Turtle Mountain staked its initial claim on nondairy frozen confections with soy milk as a base. Now, for consumers trying to avoid soy, the company adds products based on coconut milk and coconut water.
Coconuts, too, have seen a huge increase in popularity, with some dozen coconut water companies springing up in recent years. One of the most innovative applications of coconuts has been the positioning of coconut water as a sports drink due to its natural richness in potassium and low calorie profile. But coconut milk is also surging. Turtle Mountain LLC, Eugene, Ore., has taken the coconut to a new level by making coconut milk the base of its dairy-free frozen desserts.
"The inspiration for these innovations is really our customer," says Chris Turek, Turtle Mountain marketing services manager, "They're seeking quality dairy-free products, and specifically are seeking alternatives to soy. Coconut has a great taste with unique health attributes and is incredibly versatile as a base ingredient. Much of the credit goes to John Tucker, V.P. of Marketing and Technology at Turtle Mountain, who saw the demand in the marketplace, conceived the ideas and, with the help of his R&D team, made them a reality."
The popularity of nuts as boosters of flavor and health has led to a unique application of nuts via a byproduct: almond "bran" (actually the skins). Much as bran is a beneficial byproduct of refining grains, almond skins are a nutritious byproduct of blanching almonds. Almond skins have now been transformed into a safe, low-fat and nutrient-dense product suitable for use as an ingredient (in place of or in addition to other nut forms) or as a supplement.
Almond bran is manufactured by Nut-trition Inc., a division of Hughson, Calif.-based Hughson Nut Co. Since much of the non-fat nutritional aspects of nuts are found in the outer seedcoat, it has many of the health benefits of almonds with less than half of the fat and can thus reduce cost and calories.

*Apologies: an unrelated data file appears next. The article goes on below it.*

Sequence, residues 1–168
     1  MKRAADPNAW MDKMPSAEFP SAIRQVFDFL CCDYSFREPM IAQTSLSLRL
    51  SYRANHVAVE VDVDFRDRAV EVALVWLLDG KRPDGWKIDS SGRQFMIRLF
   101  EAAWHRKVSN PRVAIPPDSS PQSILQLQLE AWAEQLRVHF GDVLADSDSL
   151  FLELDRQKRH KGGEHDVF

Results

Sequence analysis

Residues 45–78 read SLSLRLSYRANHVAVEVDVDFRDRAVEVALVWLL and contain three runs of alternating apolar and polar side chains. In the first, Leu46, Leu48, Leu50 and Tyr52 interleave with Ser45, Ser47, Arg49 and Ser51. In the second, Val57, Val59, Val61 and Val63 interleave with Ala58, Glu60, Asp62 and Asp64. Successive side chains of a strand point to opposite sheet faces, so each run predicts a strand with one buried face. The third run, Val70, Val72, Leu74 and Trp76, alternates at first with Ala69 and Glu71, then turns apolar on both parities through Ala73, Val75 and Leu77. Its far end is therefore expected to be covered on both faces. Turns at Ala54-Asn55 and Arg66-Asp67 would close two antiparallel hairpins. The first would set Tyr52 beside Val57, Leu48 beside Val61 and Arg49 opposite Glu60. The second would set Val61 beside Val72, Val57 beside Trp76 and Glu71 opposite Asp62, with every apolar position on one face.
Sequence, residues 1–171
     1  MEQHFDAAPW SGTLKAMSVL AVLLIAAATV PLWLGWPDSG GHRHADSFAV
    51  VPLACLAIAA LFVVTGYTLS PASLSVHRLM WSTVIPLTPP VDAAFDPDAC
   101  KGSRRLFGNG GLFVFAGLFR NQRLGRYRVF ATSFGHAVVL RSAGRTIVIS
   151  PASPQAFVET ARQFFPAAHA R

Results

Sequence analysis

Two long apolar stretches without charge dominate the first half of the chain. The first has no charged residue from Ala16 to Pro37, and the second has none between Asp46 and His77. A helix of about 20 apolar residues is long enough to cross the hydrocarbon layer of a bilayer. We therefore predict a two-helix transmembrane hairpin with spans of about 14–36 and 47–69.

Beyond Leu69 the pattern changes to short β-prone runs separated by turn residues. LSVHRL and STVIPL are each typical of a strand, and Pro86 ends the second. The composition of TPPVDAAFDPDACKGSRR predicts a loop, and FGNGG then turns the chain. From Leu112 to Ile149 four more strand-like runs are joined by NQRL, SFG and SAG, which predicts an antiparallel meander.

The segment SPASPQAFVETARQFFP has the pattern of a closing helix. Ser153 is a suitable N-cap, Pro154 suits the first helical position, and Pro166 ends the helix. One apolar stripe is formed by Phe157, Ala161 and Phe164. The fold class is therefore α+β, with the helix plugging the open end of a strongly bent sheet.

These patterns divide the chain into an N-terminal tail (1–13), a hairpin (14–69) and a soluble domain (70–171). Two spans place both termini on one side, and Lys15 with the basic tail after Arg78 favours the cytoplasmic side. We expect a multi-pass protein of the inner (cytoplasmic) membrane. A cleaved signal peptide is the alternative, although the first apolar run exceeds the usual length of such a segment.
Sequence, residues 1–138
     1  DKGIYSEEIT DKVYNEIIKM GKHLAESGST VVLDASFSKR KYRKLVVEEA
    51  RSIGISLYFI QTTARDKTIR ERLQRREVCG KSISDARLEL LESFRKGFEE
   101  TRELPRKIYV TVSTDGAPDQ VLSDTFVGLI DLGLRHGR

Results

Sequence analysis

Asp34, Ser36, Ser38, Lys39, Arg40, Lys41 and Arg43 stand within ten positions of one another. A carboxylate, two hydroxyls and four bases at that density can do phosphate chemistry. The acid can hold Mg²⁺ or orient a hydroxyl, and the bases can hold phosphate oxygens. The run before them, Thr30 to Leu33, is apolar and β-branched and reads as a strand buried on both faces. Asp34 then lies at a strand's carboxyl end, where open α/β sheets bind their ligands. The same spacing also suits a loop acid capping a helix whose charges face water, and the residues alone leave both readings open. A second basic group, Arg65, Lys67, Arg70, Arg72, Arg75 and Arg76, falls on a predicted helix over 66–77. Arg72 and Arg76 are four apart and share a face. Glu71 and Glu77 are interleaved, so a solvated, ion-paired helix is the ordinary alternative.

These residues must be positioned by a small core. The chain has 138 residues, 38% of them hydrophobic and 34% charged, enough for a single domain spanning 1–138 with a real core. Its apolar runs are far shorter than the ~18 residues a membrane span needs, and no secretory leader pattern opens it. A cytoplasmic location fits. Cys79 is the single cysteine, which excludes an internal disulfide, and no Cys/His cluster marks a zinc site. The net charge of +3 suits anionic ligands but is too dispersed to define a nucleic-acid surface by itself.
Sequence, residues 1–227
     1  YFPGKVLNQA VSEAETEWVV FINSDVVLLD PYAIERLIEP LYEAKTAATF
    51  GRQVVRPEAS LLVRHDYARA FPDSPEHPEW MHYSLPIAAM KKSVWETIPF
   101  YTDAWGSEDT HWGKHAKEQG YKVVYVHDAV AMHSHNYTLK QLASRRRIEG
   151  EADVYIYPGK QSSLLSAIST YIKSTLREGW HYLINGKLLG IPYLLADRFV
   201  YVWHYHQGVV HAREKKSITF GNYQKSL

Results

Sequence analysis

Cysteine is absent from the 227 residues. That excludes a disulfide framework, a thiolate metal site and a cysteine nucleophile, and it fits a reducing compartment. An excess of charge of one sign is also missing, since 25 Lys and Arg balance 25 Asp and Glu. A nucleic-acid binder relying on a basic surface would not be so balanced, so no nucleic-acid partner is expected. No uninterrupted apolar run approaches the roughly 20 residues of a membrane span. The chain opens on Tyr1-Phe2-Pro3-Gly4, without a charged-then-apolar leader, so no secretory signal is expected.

"When formulating protein beverages I find myself leaning towards popular classic flavors like chocolate and vanilla," says Rick Oliverio, senior application technician at Fona. "These flavor profiles tend to pair best with dairy, especially when working with whey proteins. Depending on the base, I might choose a flavor like chai tea, which gives an overall pleasant and long lasting flavor and finishes nicely."
Increased interest in functional ingredients presents new challenges to processors who want to pump up the potency without putting off the palate. Flavors can cover the potential unpleasant taste of added nutraceuticals.
"Chocolate and nut flavors mask protein really well and tend to be the top sellers," says Carrie Jaeger, senior scientist at Wild Flavors, Erlanger, Ky. "Flavors we often use in functional nutritional bars include Cookies & Cream, Dulce de Leche, Rocky Road, Caramel and Peanut, as well as superfruit-based flavors and ‘dessert-type' flavors."
According to Jaeger, Chocolate Chip Cookie Dough and Oatmeal Cookie flavors are other popular options. "All are typically enrobed in milk or dark chocolate, and we've also enrobed caramel bars in white chocolate." Jaeger further notes superfruit-based flavors and dessert type flavors come into play for these new formulations, especially with cereal/fruit bars. Flavors might include citrus and vanilla blends—which are excellent at masking a variety of functional ingredients.
Many of the off-notes associated with nutraceutical ingredients have a delayed onset. Carefully select masking agents that are appropriate for the particular nutraceuticals and work with flavors that are longer-lasting or have a late hitting profile, suggests Fona's John Fishel. "We've found certain vanilla, chocolate and sweet brown flavors work well for this."
The Fona team also notes peanut butter flavors are experiencing an uptick in popularity, and they work well to mask nutraceutical ingredients in food products such as nutrition bars because of long flavor duration, especially at the end of the profile where most off-notes are perceived. And caramel flavors deliver strong "brown" sweet notes that pair well with the base of nutrition bars and enhance sweetness.
Pairing classic "comfort" flavors with fruits and herbs or spice flavors in health formulations is spreading. "People tend to still want indulgent flavors even though they want healthier products," says Jaeger. Flavor combos have included Dulce de Leche, Chocolate Cinnamon and Cinnamon Pastry and paired flavors such as pineapple pear, lemon-mint and fruit and ginger. "In general, fruit flavors in combination with spicy flavors tend to work well," she adds.
Heather Biehl, manager at Wild's H.I.T.S. (health ingredient technologies and solutions) team, agrees. "Citrus flavors, with some vanilla notes, are employed as balancers to nutraceuticals. For example orange carambola, lemon meringue, pineapple lulo and grapefruit pummelo work well to mask off-notes associated with omega-3s, CLA [conjugated linoleic acid] and protein," according to Biehl. "Dark berry flavors such as pomegranate pinot, blackberry grape, blueberry black currant and yumberry go well with the astringent notes of polyphenols from tea, resveratrol and grapeseed extracts. And herbal notes from guarana, echinacea and yerba maté pair well with sweet flavors like strawberry, cherry, grape or floral flavors like lavender or chamomile."